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post #1 of 7 Old 07-24-2008, 02:57 PM Thread Starter
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Post Wood movement

I want to make a tabletop with four red oak sections separated by a "plus sign" made of two pieces of maple. I am worried about how to join them for problems caused by expansion and contraction. The oak will have all its gran running horizontally, and one of the maple sections as well, but the other section will have it's grain running vertically rather than horizontally. Any thoughts on the best way to join these boards?
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post #2 of 7 Old 07-25-2008, 07:55 PM
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If you are using glued up solid lumber for the Red Oak fields, cut a substrate the size of the top out of 3/4" substrate. Attach each of the four sections with screws from the underside along the centerline of each glued up section. What could happen is that since solid wood may expand across the grain, it will move against the horizontal Maple part of the "+".

Or, you could use 3/4" Red Oak plywood for the fields, and Maple plywood for the "+", and never have any movement issues. The pieces can be glued right to a 3/4" substrate.

In either procedure you will probably add a wood edging to trim off the edge. The picture below is of a sample table I made entirely of 3/4" Maple plywood scraps. There is a total of 61 pieces of plywood fitted for the top.
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post #3 of 7 Old 07-27-2008, 11:55 AM
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I would glue up the table out of oak, then inlay the maple plus sign with maple veneer, with a generous border of oak around the maple plus sign. I would either miter the centers of the maple + or make the counter-grain sections of + out of two pieces of maple veneer with the longer + leg going with the oak grain.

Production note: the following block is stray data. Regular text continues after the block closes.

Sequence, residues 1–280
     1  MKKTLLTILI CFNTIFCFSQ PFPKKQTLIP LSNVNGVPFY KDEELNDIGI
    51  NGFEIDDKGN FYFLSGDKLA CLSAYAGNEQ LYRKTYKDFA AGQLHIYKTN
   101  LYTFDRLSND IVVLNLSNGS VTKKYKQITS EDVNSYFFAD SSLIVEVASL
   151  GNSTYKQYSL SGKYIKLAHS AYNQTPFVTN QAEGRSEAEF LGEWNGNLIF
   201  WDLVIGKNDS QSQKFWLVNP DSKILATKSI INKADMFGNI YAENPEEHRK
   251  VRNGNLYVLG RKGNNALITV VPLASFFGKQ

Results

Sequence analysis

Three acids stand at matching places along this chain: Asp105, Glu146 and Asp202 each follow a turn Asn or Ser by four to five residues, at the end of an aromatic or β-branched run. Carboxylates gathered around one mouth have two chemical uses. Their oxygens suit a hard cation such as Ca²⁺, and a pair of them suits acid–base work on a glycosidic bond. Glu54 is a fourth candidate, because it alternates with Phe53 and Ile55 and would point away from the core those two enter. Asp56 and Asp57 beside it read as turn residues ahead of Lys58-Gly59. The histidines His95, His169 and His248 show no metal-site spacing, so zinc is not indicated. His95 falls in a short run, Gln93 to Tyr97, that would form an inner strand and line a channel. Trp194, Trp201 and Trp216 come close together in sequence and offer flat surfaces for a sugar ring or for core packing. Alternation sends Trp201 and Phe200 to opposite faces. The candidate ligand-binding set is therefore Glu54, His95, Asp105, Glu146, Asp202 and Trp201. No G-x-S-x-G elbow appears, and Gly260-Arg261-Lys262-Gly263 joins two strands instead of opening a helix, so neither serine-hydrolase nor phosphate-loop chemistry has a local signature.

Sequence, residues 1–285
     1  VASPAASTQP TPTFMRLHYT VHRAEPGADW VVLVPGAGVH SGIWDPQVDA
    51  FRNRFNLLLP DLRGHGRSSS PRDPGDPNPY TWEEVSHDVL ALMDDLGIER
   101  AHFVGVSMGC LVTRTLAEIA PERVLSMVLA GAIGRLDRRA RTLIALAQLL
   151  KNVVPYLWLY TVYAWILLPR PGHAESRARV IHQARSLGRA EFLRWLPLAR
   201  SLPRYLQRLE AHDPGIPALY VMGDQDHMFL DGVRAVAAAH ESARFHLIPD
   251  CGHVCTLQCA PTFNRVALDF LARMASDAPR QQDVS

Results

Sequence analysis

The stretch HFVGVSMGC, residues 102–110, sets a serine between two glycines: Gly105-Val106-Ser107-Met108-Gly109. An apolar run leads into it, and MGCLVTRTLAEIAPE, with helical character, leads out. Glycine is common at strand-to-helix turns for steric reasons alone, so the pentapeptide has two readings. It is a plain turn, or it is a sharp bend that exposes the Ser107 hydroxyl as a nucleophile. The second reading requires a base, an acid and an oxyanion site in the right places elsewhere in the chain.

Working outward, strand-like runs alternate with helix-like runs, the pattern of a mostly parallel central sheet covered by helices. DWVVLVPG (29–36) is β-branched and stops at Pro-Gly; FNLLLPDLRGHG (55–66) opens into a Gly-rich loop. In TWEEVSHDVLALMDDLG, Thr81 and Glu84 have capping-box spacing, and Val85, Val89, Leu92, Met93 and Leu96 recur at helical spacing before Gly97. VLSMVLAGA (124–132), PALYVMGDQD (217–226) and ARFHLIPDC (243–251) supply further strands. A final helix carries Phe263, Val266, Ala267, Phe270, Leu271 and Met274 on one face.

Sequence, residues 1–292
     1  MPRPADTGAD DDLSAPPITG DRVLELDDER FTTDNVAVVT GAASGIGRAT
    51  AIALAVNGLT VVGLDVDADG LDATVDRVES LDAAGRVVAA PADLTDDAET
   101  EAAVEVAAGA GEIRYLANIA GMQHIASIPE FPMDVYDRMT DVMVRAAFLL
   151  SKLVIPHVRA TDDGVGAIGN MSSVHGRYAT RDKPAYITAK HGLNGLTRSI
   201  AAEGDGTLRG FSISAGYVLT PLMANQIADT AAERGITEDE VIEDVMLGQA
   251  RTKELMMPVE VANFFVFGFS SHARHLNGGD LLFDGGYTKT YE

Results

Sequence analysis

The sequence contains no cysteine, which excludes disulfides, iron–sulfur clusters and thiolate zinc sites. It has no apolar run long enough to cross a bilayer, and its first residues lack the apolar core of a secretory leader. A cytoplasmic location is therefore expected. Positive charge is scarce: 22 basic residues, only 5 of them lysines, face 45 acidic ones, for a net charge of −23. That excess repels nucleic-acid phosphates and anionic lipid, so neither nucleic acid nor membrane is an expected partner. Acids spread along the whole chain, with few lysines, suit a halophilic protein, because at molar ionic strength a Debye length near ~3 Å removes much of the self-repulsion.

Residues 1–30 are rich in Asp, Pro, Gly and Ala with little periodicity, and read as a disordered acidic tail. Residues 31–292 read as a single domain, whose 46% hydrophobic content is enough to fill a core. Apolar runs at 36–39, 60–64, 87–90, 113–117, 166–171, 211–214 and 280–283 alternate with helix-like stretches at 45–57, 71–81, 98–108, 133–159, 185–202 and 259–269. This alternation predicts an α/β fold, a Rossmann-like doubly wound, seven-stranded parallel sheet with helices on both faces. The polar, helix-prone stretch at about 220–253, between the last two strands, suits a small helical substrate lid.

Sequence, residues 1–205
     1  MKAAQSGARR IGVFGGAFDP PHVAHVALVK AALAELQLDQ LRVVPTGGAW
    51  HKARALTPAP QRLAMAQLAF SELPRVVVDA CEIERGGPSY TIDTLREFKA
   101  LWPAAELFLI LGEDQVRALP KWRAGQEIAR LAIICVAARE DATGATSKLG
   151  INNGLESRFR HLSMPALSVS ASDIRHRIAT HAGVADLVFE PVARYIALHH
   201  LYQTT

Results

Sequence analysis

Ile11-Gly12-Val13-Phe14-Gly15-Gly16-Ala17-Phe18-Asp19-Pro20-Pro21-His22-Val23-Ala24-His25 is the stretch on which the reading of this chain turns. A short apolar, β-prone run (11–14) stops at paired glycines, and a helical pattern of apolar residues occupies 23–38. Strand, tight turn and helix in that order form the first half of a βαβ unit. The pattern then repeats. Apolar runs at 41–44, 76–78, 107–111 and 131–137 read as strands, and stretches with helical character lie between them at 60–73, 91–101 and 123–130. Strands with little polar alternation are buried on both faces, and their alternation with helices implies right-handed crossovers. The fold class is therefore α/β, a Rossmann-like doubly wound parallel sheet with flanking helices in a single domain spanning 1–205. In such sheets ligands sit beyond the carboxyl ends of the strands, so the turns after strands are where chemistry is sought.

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post #4 of 7 Old 07-28-2008, 09:31 AM Thread Starter
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Thanks for the responses! I think that using plywood here will probably be my best bet. I don't think i'm at the point where i can comfortably do inlays. I do have another question though. Wouldn't inlays move as well? I can't imagine that they don't experience a lot of the same problems that normal wood does, but I could be wrong. Thoughts?
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post #5 of 7 Old 07-30-2008, 01:36 AM
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If you made the plus sign as described, with a generous border around it, say 4 " and your table width were 32" that would leave 24" of cross grain inlay. But with the cross grain inlay mitered at the center, you would have a total of only 12" of cross grain movement to deal with, which a veneer, could most likely handle (especially if you were to use a nice burl as opposed to plain maple), assuming you are using well dried stock for the top. But if it didn't, whatever movement occurred would be purely cosmetic.

If it looked too horrible, you could always take off the table top, run it through a wide belt sander, and still have a nice table top.

That would not be an option if you were using solid material unless you made each edge of the cross grained section of maple like the bread board ends of country furniture.

Plywood would be the best option for stability, if you think the top will hold up long enough and look the way you want it too.
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post #6 of 7 Old 07-31-2008, 10:19 PM
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It's just a top, have you thought about something as simple as double slot biscuit joinery and clamping?? normally works out quite well for something as simple as that....
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post #7 of 7 Old 08-01-2008, 08:12 AM
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Oak Problems

I have had considerable problems with using large pieces of oak as you are describing. I have had problems both with splitting and with shrinking. The shrinking problems have even occured with 4" wide by 36" long pieces. All of this was with wood that had been stored in my garage and was supposedly cured.

The problem is that when the wood that has been stored in the humidity of the outside comes into the air conditioned house it dries further. I live in the panhandle of Florida so my outside humidity may be higher than yours.

If you have much humidity where you live I would recommend that you let the wood cure for a couple of months in the interior environment before building. If after that you can air condition your shop all the better.

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